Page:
Exclusive Interview with
When did you start writing?
I started writing in the 2nd grade - silly poems, mostly.
What makes writing your passion?
I'm passionate about writing for several reasons: I love the creative process, I love finding inspiration in different places, such as in the woods with my husband, horses, and dogs, I love the solitude of my office where characters come to life, and I love sharing my books with others.
How long have you been writing?
I've been writing since I was very young, but have been focusing solely on writing since 2013 when I put my real estate career on hold to take up writing full time.
What was the feeling when you published your first book?
Publishing my first book, Orphan Moon, was beyond thrilling. It's won several prizes and even made it to the #1 spot on Amazon in several countries. That was a huge boost and incentivized me to write and publish my second book, If the Devil Had a Dog.
What’s the story behind your choice of characters?
In both books, the characters are all flawed in some fashion or another, which makes them believable. Yet, they are also strong, brave, and overcome dire odds to get what they want. I think they are characters one can look up to.
What annoys you the most in pursuing a writing career?
A minor annoyance is being asked the age-old question: "So - when's your next book coming out?" I'm always working on the next book, sometimes two manuscripts at a time. But for the most part, I don't get annoyed easily. It's all about staying focused and staying dedicated to your craft.
How do you get over the “writer’s block”?
I have tremendous support from my husband, and when I get writer's block, we saddle up our horses and go for a trail ride in the woods. I talk out the issues with him and we discuss why I'm feeling "blocked" with a certain character, scene, or plot device. We bounce ideas back and forth, and that usually fixes the problem.
We all know the writer’s path is never easy, what makes you keep going? What advice would you give to new authors?
I keep on writing because I have to. It's beyond wanting to - I have to. As a creative person, to not be creating something would be torture. And my advice for new authors is to never give up - keep going - and believe in yourself and your vision.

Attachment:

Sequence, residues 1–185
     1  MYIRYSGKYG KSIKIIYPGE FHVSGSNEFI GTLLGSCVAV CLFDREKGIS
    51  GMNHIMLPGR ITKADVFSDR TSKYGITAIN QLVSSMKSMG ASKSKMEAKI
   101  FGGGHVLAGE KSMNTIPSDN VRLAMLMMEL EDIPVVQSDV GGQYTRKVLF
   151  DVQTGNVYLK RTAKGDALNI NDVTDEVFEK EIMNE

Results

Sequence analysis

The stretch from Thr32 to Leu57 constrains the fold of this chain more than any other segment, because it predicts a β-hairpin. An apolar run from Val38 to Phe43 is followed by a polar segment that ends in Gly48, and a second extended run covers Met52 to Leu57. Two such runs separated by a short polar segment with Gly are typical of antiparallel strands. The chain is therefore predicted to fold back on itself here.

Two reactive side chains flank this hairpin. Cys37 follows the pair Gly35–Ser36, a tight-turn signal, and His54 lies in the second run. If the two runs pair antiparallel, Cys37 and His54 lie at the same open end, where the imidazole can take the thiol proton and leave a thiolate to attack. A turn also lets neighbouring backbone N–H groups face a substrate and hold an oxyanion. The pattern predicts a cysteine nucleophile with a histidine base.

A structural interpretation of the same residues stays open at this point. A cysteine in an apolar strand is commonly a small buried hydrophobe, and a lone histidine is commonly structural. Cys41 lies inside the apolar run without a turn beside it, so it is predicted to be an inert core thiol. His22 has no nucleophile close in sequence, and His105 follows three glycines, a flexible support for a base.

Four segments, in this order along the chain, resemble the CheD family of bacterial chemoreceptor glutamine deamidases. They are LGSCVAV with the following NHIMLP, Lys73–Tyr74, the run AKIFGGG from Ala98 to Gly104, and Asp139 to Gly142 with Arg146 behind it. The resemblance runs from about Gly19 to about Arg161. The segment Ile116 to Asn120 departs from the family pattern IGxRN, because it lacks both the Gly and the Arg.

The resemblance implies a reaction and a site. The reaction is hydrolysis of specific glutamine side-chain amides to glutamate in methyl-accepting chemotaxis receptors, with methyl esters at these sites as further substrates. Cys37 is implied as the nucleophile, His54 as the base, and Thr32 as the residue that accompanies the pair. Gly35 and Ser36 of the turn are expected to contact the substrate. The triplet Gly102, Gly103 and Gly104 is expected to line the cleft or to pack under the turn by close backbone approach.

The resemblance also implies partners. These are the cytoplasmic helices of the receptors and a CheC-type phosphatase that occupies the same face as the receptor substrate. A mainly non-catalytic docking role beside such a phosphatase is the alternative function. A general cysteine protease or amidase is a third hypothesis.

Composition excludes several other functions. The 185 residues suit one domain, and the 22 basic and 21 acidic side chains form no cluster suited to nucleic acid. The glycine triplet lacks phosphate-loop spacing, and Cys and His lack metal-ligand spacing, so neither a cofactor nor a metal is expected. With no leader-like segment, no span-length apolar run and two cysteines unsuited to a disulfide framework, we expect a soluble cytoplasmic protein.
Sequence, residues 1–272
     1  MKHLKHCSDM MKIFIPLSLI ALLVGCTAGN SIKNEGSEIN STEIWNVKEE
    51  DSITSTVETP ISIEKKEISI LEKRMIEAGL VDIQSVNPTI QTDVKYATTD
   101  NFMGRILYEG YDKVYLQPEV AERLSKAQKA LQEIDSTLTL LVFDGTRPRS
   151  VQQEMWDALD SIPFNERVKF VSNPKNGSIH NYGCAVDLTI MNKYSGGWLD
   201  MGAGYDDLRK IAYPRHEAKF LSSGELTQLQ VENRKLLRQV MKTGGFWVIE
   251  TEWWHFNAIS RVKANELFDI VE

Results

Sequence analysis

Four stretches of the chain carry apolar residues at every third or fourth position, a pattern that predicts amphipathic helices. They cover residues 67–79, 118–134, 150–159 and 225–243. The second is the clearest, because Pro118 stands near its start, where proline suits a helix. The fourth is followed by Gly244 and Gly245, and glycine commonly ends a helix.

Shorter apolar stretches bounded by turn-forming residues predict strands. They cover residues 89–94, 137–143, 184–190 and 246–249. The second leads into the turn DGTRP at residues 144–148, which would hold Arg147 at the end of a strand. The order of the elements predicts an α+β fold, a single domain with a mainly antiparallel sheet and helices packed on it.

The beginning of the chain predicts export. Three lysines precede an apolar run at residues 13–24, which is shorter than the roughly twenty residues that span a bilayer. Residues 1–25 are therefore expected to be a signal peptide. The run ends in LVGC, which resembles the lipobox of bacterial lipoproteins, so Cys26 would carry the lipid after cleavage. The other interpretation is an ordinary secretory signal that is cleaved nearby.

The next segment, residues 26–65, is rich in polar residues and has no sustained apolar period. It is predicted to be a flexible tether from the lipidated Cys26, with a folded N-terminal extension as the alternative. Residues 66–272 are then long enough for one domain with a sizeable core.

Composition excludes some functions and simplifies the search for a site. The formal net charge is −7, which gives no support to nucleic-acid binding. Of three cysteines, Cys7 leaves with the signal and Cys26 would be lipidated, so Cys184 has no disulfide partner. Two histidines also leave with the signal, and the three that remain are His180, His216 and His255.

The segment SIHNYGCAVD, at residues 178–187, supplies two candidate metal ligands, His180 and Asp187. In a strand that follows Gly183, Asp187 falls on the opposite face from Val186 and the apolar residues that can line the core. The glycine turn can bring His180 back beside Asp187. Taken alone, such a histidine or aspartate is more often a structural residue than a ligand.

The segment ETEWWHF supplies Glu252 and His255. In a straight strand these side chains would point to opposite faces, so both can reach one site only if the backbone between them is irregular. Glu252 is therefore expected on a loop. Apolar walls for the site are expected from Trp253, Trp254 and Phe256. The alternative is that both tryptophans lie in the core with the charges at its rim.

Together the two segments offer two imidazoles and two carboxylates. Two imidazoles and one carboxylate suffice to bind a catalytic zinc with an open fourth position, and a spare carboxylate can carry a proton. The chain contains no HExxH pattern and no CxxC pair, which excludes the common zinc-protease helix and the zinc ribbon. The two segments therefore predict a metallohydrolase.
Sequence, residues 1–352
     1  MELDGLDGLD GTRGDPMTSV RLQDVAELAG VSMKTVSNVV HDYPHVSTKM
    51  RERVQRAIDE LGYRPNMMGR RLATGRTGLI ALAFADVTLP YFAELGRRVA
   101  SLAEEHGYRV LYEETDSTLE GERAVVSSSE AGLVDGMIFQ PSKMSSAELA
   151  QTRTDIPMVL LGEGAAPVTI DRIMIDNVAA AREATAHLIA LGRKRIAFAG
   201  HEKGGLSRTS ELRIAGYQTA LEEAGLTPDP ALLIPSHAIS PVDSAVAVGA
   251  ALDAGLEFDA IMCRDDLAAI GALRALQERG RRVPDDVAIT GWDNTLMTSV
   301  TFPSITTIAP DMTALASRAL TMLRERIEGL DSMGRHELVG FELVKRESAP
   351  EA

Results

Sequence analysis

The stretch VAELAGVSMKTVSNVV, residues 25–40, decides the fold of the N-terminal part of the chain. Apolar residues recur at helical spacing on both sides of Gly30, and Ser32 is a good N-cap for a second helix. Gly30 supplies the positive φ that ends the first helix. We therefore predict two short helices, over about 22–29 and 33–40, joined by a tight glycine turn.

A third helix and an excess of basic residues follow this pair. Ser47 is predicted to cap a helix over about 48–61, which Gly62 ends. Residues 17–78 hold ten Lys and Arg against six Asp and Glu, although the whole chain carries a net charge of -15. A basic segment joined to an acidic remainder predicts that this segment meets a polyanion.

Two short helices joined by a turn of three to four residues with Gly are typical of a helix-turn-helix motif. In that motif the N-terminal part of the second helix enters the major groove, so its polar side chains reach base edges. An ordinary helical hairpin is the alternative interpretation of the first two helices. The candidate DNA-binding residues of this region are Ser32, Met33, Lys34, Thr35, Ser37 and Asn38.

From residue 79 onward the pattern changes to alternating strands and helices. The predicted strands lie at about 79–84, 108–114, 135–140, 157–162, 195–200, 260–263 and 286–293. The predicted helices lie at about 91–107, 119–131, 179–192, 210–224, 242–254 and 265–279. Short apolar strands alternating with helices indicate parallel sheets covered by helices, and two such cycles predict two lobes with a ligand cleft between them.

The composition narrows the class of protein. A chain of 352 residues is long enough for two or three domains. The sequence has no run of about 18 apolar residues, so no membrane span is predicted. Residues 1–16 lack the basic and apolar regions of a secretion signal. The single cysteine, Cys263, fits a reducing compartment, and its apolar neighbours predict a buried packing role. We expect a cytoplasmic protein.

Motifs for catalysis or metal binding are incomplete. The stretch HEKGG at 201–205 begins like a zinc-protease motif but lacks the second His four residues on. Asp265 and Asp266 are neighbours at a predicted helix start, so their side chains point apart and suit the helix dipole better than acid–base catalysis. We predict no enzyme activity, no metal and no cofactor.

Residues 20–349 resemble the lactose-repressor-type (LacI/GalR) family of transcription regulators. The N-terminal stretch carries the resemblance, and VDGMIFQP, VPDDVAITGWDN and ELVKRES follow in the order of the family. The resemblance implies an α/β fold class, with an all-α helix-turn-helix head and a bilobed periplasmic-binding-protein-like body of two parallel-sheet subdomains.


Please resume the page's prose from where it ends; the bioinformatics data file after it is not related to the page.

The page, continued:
If you could go back in time and talk to your younger self, what would you say?
I'd love to go back in time and tell that 2nd grader who wrote silly poems that it would all work out and to never quit writing or believing in herself.
Do you read your book reviews? How do you deal with the bad ones?
I love reading my reviews! For the most part, it uplifts me and validates what I'm doing. Even the negative reviews can serve a purpose and you can learn from them, too, if you keep an open mind. Not every book is for everybody, and that's ok.
What is the feeling when you get a good review?
Receiving a good review is validating and uplifting. I love hearing from readers and learning about their reading experience, what they identified with, and what they liked or didn't like. I'm grateful for every reader who takes the time to write a review.
Have you ever incorporated something that happened to you in real life into your novels?
Absolutely! I think that when a writer uses events, places, etc. that they are familiar with or something that actually happened to them, it makes it more authentic to the reader.
Which of your characters you can compare yourself with? Did you base that character on you?
In Orphan Moon, I identified with the plucky, horse-crazy protagonist. In If the Devil Had a Dog, I identified with some aspects of the main character's life. However, both characters are definitely a figment of my imagination.
What do you think, the book cover is as important as the story?
For me, a book cover is definitely as important as the story itself. It's the first thing potential readers see that helps them to determine if they want to read the book or not. If the cover doesn't draw the potential reader in, then it doesn't matter how great the writing is.
Do you connect with your readers? Do you mind having a chat with them or you prefer to express yourself through your writing?
I love connecting with readers and freely invite them to drop me an email or sign up for my newsletter and communicate with me there.
How do you feel when people appreciate your work or recognize you in public?
It's always nice to be appreciated - or recognized in public! The other day I was at the dry cleaners and a lady was standing in line. When she turned around, she exclaimed, "You're that writer, T.K. Lukas! You spoke at our book club last month." I was flattered she rem